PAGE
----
As I got the yellow ’70 to a point where I really enjoyed driving it around it was time to make a decision. Keep it as it is for at least 1 more summer or to bite the bullet and start my adventure of a nut&bolt resto/rebuild. I decided it was now or never, parked the car in our shared car shelter and got the tools out. I started with the engine and the interior so I had a rolling shell until a later state. My goal was to get everything out of the car, EVERYTHING except the front and rear glass. As I’m to afraid to break the 1970 glass and as I’m to unsafe to get it back in after the paint once has dried, I talked to the ‘classic’ bodyshop guys. I arranged they would take it out an put it back in after their metal and paint wizardry was done.
In the front of the cabin you can see the only remains of the original ‘universal blue’ paint the car was delivered in.
Oh, I’m really not looking forward putting the window mechanism or the opening/locking mechanism back in the doors!
Last but not least I got the axles and suspension components out of the car
I ordered some scaffolding pipes and clamps and fabricated a rolling jig. This way it can easily be adjusted to later projects, disassembled for storage, extended,… And it is sturdy enough to be rolled on/off a car trailer.
The shell is now ready. Just waiting for ‘SLG Classic Cars’ to call me. As soon as they have a free spot, we will bring my car to their shop. The shell will then be media blasted, epoxy primered, rebuilt (where needed), prepped, painted, …
By now I’m like 95% decided on the final color, but this changed like 50 times during the last months. As a color recap: 1970- approx 1991: Datsun universal blue 903 1991-2020: RAL1028 melon yellow 2020-forever: Datsun 907 or Datsun 920
It just has to be an original 1970 S30 color and I narrowed it down to racing green or safari gold. These colors were available in 1970: 901 Silver gray (metallic) ; 903 Universal blue (metallic) ; 904 Kilimanjaro white ; 905 Monte Carlo red ; 907 Racing green ; 918 New sight Orange ; 919 Sunshine yellow ; 920 Safari gold
As I want to have these post in chronological order, here a little catch up for the months of July-September. Biggest change and quite a questionable one was to retrofit original Hitachi SU carbs. Building this car by the expression: “keep it stupid simple” As the SU are so easy to live with, easy to tune,… I decided to ditch the DCOEs. IMHO the driveability was less good as my SU equipped 1973 240Z, performance wasn’t any better with the Webers (on a stock engine) and the mileage was way worse. On the positive side there was the looks and the noise, but that wasn’t enough to convince me. So I found and bought a set of quite early Hitachis and installed them asap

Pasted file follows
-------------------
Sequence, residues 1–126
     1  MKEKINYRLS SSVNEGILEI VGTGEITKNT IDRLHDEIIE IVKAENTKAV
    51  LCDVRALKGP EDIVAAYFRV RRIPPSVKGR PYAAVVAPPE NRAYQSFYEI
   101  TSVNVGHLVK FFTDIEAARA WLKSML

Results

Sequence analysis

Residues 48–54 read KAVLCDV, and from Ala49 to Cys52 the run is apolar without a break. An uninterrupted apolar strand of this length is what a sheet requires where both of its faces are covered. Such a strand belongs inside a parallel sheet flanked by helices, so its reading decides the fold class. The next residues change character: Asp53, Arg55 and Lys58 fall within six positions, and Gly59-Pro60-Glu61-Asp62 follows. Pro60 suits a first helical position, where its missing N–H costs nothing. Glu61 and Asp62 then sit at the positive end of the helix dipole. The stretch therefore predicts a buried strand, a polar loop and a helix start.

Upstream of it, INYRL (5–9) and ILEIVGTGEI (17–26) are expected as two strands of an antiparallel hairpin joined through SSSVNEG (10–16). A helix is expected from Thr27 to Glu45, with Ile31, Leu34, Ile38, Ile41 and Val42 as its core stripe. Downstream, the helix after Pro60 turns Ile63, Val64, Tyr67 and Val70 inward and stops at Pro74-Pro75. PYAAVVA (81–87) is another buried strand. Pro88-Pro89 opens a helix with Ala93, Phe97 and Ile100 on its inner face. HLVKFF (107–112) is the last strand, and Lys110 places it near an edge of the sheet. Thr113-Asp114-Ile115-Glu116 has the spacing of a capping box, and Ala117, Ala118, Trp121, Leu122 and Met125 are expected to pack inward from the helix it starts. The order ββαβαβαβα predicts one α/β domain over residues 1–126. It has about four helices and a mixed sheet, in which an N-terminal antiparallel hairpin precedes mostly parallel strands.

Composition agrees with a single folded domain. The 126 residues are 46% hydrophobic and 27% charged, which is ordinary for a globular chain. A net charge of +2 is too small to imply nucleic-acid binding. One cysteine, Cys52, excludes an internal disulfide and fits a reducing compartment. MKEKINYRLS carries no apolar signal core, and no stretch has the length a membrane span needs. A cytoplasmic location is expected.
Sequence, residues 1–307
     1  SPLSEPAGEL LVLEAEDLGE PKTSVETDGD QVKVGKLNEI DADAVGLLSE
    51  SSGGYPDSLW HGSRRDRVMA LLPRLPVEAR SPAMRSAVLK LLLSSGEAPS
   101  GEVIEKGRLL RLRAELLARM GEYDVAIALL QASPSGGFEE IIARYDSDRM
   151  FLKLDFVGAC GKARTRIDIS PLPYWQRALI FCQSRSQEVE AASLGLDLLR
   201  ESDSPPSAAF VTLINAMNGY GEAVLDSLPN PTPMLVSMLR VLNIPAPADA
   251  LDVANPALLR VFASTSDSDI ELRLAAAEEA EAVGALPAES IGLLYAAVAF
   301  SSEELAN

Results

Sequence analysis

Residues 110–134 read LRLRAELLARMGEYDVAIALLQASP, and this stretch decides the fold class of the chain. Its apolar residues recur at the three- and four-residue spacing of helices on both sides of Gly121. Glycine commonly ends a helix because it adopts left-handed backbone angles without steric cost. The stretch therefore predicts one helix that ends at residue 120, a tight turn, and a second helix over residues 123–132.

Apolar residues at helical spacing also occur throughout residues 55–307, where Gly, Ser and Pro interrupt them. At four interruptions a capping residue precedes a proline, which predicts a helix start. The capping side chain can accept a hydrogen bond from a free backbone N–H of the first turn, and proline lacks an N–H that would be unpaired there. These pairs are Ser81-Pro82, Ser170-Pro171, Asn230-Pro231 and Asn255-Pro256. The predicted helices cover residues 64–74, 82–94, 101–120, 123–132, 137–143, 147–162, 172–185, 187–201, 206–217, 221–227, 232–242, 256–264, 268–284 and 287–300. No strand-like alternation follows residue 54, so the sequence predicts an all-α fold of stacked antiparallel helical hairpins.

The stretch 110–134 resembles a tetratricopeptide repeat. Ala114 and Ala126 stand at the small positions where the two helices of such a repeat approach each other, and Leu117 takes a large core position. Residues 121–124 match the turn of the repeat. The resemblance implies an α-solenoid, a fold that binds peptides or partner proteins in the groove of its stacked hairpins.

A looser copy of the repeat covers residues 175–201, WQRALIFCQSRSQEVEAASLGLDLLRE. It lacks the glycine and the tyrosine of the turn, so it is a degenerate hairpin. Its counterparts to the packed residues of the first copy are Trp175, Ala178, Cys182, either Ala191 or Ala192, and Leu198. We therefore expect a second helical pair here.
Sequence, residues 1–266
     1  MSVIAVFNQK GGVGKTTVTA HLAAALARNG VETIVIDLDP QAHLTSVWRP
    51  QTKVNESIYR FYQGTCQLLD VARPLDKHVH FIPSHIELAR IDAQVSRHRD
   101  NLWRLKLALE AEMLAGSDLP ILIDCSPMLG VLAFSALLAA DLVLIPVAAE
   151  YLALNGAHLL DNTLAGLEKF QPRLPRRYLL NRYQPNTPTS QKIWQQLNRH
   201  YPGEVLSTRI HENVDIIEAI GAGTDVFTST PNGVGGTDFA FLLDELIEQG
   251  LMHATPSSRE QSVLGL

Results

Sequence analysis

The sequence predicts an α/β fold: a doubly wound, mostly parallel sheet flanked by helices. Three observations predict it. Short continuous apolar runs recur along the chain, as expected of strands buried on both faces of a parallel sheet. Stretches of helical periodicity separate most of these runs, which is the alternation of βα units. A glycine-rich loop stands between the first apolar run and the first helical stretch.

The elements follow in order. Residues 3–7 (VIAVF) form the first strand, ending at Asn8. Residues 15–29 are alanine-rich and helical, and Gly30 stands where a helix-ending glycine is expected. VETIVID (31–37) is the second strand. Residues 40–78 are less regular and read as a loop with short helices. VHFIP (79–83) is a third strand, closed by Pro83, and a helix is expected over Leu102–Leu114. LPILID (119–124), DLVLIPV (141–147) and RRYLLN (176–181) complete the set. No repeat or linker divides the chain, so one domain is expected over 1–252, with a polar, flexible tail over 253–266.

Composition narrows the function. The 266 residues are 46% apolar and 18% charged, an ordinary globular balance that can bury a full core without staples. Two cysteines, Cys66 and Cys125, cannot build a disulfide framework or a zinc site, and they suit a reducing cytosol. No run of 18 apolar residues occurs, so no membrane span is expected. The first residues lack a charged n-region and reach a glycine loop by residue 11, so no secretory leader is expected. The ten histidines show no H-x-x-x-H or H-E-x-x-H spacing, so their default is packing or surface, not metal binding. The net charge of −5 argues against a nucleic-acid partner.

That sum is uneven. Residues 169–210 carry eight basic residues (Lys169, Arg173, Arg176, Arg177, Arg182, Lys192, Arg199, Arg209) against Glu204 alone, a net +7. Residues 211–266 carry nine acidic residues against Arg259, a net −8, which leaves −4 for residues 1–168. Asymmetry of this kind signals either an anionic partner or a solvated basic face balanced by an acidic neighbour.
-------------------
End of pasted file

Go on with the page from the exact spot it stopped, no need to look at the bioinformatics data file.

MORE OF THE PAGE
Airbox and heatshield were mounted shortly after tuning.
I installed some front camber top hats which lowered the front by another 15mm and resulted in a more even drop front to rear.
Got in touch with these awesome guys, but more on that later
An somewhere mid September I drove the car for the last time before ending it’s 2020 driving season.
Before tearing the car completely apart sometime next year, I’m trying to repair, retrofit, modify, optimize a few things.
As the car wasn’t that nice to drive, so first thing was to remove the cut springs and replace them by some new ones of the same brand. Of course it now looks to high, imho, but it drives way better. Cut springs had no preload at all, and no real travel, as the slightest compression would let it sit on it’s bumpstopts.
I also removed the slightly worn steering wheel and fitted my Nardi ‘deep’ wich I had laying around. I’m not sure what steering wheel I’ll mount after the resto.
Ordered and mounted some Ramair filters for the DCOEs and repaired the water temp.
I sourced a non series 1 driveshaft, moustache bar and rear transverse link. This is all thats needed to change the rear drivetrain to the later geometry. While at it I also changed the diff support for a hangingt RT diffmount. No more straps or rubber bumbers for Tosbo.
In my quest to optimize the driving sensation a bit more, the car needed a rear swaybar. As it hadn’t any at all. I ordered a complete ST suspensions swaybar set from the US.
And I played with wheels, a lot 😉 Work, Rotas, Konig and JBW
Removed the bumperettes.
Oh, and I enjoyed it a lot.
Now I’m waiting for some camber tops for the front axle and the car definately needs an upgrade in the seat department!
Big news, I acquired a second Datsun 240Z. At the end I couldn’t resist any longer and had to buy this yellow beauty from my best mate!
So a few months ago my mate Yves decided to sell it, what a bad decision 😉 I hesitated to long, and it was pretty much sold, but I’ve been given a second chance and now it’s mine. Couldn’t be any happier.
1970 series 1 240Z, originally in universal blue, but refinished 30+ years ago in yellow.
Cool story bro: Back in 2004 (or was it 2005) this particular car was my first real encounter with a 240Z. I knew since circa 2003 that I would love to own one, but as they aren’t really common here in Europe this yellow and a purple one which was parked just next to it where the first S30 I really laid my eyes on. Even took 3 picture of it back then, so here is one of them.
And yes it’s 100% the same car my best buddy bought about 13-14 years later.
I’ll drive it ‘as is’ for at least this summer, which gives me time to establish a plan for it’s ‘nut&bolt’ resto.
As my blue 240Z now has Work Equip wheels I instantly mounted my 14″ wheels: